You may understand that how you eat and how you exercise can affect your overall health and recovery, but are you aware of how important sleep is to body recovery as well? Sleep plays a vital role in your health and is especially important to physically active individuals.
While you sleep, your body is in a state of active healing and rejuvenation to allow you the recuperation your body needs to heal and function at its best.
Sleep and Our Body
When we sleep our body enters into a sleep cycle that changes from one stage to another. Our heart rate slows down, our body temperature drops, our respirations drop, and our blood flow increases to all vital parts of our body and brain. This increase in blood flow carries oxygen and vital nutrients that feed recovery and healing, as well as mental capabilities.
A lack of sleep can create interruptions to this process, and over time will affect your overall health.
What Happens to Muscles While You Sleep?
Muscles relax and are recipients of the increase in blood flow. The pituitary gland also releases human growth hormones that stimulate tissue growth and muscle repair. The more rest your muscles receive, the better the effects.
Adults are supposed to get approximately 7 hours of sleep a night, but studies have shown that highly active athletes who receive up to 10 hours of sleep reap the benefits of muscle recovery and perform better with quicker reaction times, increased accuracy, and faster speeds, and longer stamina.
What Happens to Muscles When I Don’t Sleep?
If you are unable to sleep, your muscles will tax themselves and not be able to recover before being taxed again. Even a short amount of sleep is better than none at all, but the more rest, the better the recovery rates.
What Happens to Our Muscles When We Work Out?
When working out, muscles experience micro-damage within the muscle tissues. Damage also occurs to the complex protein chains located within the muscle. Reactive oxygen chemicals rush to damaged areas and cause more damage. This process is actually how muscles strengthen and grow, but they first need to experience a “break-down”.
An inflammatory response occurs due to this damage which is why you may feel sore after a particularly strenuous workout. The inflammation triggers the brain to release chemicals for muscle repair that forms new muscle fibers and replaces damaged proteins. In time this helps increase muscle mass and strength.
You might want to read this: Do You Need More Sleep If You Exercise?
How Does Sleep Affect Muscle Recovery?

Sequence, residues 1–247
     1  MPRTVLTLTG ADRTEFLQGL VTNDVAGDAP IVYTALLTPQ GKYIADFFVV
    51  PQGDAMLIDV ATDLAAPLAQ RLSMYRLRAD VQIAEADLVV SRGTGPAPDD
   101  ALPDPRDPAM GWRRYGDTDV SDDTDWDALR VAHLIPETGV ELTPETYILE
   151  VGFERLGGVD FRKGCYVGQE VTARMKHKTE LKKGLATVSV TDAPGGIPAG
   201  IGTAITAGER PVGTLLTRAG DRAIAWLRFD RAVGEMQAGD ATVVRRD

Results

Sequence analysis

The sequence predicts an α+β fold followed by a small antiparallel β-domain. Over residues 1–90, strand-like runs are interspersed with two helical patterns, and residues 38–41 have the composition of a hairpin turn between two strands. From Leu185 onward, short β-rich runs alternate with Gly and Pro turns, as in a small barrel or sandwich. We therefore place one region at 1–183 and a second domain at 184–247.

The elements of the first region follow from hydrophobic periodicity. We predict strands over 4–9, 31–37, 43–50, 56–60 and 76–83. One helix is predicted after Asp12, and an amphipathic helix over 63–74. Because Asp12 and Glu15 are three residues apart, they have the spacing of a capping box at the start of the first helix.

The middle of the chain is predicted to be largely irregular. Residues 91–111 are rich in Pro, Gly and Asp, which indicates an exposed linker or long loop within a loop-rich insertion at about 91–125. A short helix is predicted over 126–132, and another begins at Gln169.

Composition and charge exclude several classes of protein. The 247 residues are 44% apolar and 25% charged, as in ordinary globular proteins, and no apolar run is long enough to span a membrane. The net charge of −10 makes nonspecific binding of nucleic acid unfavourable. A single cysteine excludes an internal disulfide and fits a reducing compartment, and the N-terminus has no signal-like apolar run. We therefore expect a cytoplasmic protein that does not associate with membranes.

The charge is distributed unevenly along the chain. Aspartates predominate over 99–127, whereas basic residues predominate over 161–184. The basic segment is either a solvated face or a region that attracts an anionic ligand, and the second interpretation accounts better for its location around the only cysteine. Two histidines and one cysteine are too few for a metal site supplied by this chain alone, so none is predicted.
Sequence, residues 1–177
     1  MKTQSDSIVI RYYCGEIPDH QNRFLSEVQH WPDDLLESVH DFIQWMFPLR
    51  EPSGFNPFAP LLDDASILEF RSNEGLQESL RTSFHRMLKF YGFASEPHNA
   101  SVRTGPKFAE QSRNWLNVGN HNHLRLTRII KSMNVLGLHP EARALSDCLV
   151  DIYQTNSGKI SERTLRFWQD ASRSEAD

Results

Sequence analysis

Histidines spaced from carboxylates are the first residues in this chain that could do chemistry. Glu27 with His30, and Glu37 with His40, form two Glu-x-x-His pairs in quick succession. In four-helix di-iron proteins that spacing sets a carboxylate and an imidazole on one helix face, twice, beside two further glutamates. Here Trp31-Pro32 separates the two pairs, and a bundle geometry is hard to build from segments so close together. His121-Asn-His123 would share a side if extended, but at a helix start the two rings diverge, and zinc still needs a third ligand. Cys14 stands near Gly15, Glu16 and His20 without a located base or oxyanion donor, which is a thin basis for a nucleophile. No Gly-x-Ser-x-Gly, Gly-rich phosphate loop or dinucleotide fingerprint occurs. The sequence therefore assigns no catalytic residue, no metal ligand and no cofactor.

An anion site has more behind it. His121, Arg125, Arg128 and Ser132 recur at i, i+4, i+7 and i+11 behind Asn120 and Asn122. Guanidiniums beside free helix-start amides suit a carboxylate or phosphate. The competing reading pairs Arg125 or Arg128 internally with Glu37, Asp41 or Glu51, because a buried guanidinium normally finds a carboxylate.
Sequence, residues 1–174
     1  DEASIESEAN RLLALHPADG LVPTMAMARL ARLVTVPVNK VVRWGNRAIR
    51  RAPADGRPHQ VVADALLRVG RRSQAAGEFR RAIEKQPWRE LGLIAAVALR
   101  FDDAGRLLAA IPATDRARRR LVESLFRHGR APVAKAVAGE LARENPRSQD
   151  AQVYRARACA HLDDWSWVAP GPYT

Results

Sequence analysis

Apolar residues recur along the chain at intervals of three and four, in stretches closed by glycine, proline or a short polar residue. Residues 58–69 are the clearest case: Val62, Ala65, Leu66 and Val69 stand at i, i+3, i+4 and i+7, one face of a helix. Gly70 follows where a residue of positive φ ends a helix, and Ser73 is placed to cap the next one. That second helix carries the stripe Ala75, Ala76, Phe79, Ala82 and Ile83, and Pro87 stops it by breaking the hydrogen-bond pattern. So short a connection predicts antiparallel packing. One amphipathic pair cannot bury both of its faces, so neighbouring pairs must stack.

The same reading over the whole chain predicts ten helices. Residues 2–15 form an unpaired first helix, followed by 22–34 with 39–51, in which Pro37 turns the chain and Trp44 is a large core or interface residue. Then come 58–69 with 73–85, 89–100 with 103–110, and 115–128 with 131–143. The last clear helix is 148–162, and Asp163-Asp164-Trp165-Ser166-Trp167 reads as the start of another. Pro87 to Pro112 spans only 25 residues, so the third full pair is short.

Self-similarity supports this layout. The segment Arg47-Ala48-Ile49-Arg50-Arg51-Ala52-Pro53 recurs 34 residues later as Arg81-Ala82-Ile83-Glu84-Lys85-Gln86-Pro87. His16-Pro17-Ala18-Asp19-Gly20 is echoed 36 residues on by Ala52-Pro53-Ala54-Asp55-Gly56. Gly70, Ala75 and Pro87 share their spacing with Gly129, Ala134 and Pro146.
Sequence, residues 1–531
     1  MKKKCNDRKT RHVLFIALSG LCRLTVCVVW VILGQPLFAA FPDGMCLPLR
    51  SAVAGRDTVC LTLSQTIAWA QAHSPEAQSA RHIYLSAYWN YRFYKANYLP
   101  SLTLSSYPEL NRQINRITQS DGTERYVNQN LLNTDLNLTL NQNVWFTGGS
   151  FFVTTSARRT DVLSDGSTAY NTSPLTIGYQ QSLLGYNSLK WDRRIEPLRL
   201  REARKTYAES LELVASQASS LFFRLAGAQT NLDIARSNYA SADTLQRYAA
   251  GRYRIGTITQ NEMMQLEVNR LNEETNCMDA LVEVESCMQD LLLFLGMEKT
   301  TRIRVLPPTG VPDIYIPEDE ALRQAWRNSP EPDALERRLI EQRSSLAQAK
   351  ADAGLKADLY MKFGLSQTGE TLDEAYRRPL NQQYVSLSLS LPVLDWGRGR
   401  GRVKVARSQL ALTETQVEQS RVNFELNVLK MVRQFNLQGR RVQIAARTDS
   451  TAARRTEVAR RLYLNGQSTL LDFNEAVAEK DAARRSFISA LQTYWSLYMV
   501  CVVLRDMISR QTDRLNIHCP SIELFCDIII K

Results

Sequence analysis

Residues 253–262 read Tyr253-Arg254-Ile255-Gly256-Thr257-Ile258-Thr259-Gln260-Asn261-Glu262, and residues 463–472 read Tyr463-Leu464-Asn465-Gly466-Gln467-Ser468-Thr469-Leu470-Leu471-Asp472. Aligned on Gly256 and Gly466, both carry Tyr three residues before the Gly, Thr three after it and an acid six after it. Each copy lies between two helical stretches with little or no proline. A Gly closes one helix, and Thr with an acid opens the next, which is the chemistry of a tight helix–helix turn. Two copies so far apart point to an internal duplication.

As explained above, sleep plays a vital role in recovery. Up to 95% of your body’s growth hormone is released during the stages of sleep for repair and restoration of your body and mind. Your body also replenishes muscle glycogen, an energy source used by muscles when you exercise. It depletes through strenuous activities and needs time to build back up. If you have a poor night’s rest, this explains why you feel weak or perform less than ideal the following day.
Tips To Help Muscle Recovery While You Sleep
To help maximize muscle recovery, you need an uninterrupted, restful sleep that allows your body and brain to cycle through the sleep stages. There are many things you can do to help support a better night’s sleep. Take a look at these tips:
1. Set a schedule for bed and waking each day. Your body will start to recognize this schedule and naturally begin to prepare itself.
2. Keep a cooler temperature in your room to help support your body’s temperature drop and avoid overheating while you sleep, which can wake you up.
3. Turn off all screens at least 1 hour before you go to bed. Screens emit blue light that mimics natural daylight and can trick your brain into wakefulness.
4. Dim the lighting in your room to help naturally support our brain’s recognition of darkness and the natural release of melatonin – a sleep hormone.
5. Avoid caffeine, sugar, and alcohol later in the day. This can also stimulate wakefulness and interrupt sleep schedule.
6. Drink warm, herbal tea to stimulate gentle digestion and influence sleep. Natural herbs, such as chamomile, provide relaxation and ready your mind for rest.
7. Diffuse essential oils that stimulate relaxation. Lavender is a popular choice as it is calming and has many other health benefits besides.
8. Use melatonin to boost your natural melatonin levels if you are struggling to get to sleep. Be aware sometimes this has the opposite effect on some people, so take a low dose first to see how your body reacts.
9. Speak with a healthcare professional if you struggle with sleep. They can suggest tests and medication to see if there is an underlying issue (such as sleep apnea), or to help get you on a schedule that you can carry forward with healthy bedtime choices.
10. Consider a white noise machine to help cover up distracting noises, and sooth your brain.
You might be interested: 10 Stretches for the Best Night’s Sleep
Wrapping It Up
Sleep is essential for muscle recovery and you need to get the proper amount each night, and a quality rest to fully recover muscle stress and strain. Even if you do not strenuously work your muscles, their day-to-day use requires the chance to rejuvenate.
Take small steps to get a good night’s rest and help your body function at its best.
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